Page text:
I honestly think you are indeed overthinking things a bit.
I happen to use both Qubes and Home Assistant, and they both are awesome software products for their own use cases, but I don’t really see any need to combine them, at least the way you are considering it.
May I ask why you are thinking that with the Home Assistant Blue you would be connecting anything to the Internet? The way I got to know Home Assistant is as a home automation solution which is very well suited for security- and privacy-focused people that Qubes-users happen to be most of the time. In fact, Home Assistant heavily advertises the “no cloud required” aspect itself.
I have installed Home Assistant on my own hardware (well, actually it’s a VM on my home server but that isn’t of importance here) and thus, I do not have detailed knowledge about the Blue appliance, but from what I saw on their website, it is basically a vanilla home assistant installation bundled with hardware that is very well suited to handle most of the usual tasks.
Yes, Home Assistant does offer some optional “online features”. However, these are only meant to make interaction with your setup more comfortable and are in no way obligatory.
But you don’t seem to have doubts about Home Assistant itself, only about how and where to install it.
In that case, a dedicated physical machine, be it the Blue appliance, a Raspberry Pi or the old NUC of yours, would in my opinion be the most secure setup you could go with. First, physical separation is more secure than “just” virtual separation in a VM of its own, because there could always be a hypothetical escape-to-hypervisor exploit which breaks the barrier of VMs.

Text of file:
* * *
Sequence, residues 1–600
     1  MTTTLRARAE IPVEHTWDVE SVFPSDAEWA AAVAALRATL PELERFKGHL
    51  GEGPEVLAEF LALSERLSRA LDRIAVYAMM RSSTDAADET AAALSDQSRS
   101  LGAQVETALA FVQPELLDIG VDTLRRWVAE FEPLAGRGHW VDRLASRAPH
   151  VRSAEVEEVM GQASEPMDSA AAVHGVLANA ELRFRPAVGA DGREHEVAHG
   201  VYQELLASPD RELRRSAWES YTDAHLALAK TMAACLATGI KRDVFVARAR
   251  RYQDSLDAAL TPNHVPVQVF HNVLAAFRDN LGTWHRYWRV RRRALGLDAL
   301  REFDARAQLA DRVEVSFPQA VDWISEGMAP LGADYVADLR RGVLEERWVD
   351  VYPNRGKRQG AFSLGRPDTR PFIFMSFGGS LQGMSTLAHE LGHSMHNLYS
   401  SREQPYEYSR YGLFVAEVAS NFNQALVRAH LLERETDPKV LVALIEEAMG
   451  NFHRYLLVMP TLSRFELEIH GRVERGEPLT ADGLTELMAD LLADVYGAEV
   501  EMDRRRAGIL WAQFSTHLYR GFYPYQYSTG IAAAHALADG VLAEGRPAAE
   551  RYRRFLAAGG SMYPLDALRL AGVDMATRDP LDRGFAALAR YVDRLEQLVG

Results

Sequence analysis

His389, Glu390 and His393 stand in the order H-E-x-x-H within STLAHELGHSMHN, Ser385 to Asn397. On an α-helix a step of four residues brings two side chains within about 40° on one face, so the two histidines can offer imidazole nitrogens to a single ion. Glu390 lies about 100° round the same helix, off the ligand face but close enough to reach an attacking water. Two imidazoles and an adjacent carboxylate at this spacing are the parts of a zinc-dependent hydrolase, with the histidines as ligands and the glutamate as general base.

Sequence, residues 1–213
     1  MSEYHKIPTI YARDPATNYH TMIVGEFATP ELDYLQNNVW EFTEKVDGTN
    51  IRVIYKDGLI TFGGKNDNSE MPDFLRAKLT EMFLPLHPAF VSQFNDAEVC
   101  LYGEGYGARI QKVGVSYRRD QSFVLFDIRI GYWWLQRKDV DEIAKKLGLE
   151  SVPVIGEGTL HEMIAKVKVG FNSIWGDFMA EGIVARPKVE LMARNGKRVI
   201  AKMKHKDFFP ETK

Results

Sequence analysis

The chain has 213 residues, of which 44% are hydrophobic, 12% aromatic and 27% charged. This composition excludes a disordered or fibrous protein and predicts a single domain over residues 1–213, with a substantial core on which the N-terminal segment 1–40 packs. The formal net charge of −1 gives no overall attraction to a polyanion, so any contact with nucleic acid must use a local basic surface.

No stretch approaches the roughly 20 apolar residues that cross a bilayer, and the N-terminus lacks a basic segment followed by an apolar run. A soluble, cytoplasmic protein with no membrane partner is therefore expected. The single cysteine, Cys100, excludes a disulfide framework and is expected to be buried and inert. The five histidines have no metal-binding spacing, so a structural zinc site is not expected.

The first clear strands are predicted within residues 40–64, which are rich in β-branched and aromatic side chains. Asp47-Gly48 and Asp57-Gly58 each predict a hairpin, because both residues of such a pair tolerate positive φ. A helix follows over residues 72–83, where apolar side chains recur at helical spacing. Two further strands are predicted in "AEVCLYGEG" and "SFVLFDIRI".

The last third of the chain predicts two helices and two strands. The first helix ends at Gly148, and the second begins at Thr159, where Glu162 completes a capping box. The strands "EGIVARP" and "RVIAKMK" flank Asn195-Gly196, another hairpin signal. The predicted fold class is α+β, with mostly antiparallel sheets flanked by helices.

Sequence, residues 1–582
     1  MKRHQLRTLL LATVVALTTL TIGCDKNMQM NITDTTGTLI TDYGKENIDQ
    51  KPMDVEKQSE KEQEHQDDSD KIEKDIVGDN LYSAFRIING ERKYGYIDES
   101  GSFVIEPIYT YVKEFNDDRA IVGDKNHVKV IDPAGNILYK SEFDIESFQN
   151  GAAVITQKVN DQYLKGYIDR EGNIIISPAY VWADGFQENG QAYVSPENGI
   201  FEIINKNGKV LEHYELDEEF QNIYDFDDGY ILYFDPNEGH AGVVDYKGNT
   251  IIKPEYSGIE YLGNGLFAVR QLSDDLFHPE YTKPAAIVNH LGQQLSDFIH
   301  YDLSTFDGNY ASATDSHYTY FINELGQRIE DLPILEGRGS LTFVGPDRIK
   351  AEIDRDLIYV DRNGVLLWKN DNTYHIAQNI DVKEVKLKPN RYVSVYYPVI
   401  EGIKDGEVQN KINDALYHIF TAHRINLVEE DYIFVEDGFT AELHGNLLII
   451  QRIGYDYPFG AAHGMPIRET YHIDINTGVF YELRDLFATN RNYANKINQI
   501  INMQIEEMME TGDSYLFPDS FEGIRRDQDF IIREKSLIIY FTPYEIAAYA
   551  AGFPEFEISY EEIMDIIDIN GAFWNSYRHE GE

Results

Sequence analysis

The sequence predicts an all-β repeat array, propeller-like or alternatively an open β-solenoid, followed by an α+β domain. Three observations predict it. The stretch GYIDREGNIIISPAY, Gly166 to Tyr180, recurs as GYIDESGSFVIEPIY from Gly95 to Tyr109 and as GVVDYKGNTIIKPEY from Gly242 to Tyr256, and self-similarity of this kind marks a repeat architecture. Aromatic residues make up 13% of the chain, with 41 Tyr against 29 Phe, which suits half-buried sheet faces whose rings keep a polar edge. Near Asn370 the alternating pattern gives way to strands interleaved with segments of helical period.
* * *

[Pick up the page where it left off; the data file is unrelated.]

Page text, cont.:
Second, using a physically separate NUC, installing Qubes on it and then using this device exclusively for running Home Assistant just doesn’t add any more security.
The security of Qubes comes from separating things on one single system. If you are running only one thing (your Home Assistant installation), there is nothing to separate it from. You will only increase the administrative overhead, because you will have to connect your smart home devices to your home assistant installation somehow, and that will inevitably mean to deal with firewall rules and punching holes in your Qubes system just to make it work at all.
My opinion is: take the “Qubes way” and apply it to your home network on a larger scale. Don’t separate VMs on one computer, but device groups in your network. Create separate subnets for your smart home devices and confine them in there, together with your Home Assistant installation. A decent firewall appliance, e.g., pfSense, will help a lot. Work with VLANs, create firewall rules and make sure that communication flows exactly the way you want it. This is how to achieve the best security for your home network. After all, Home Assistant (or any other home automation solution) is just a single piece of a “smart home”.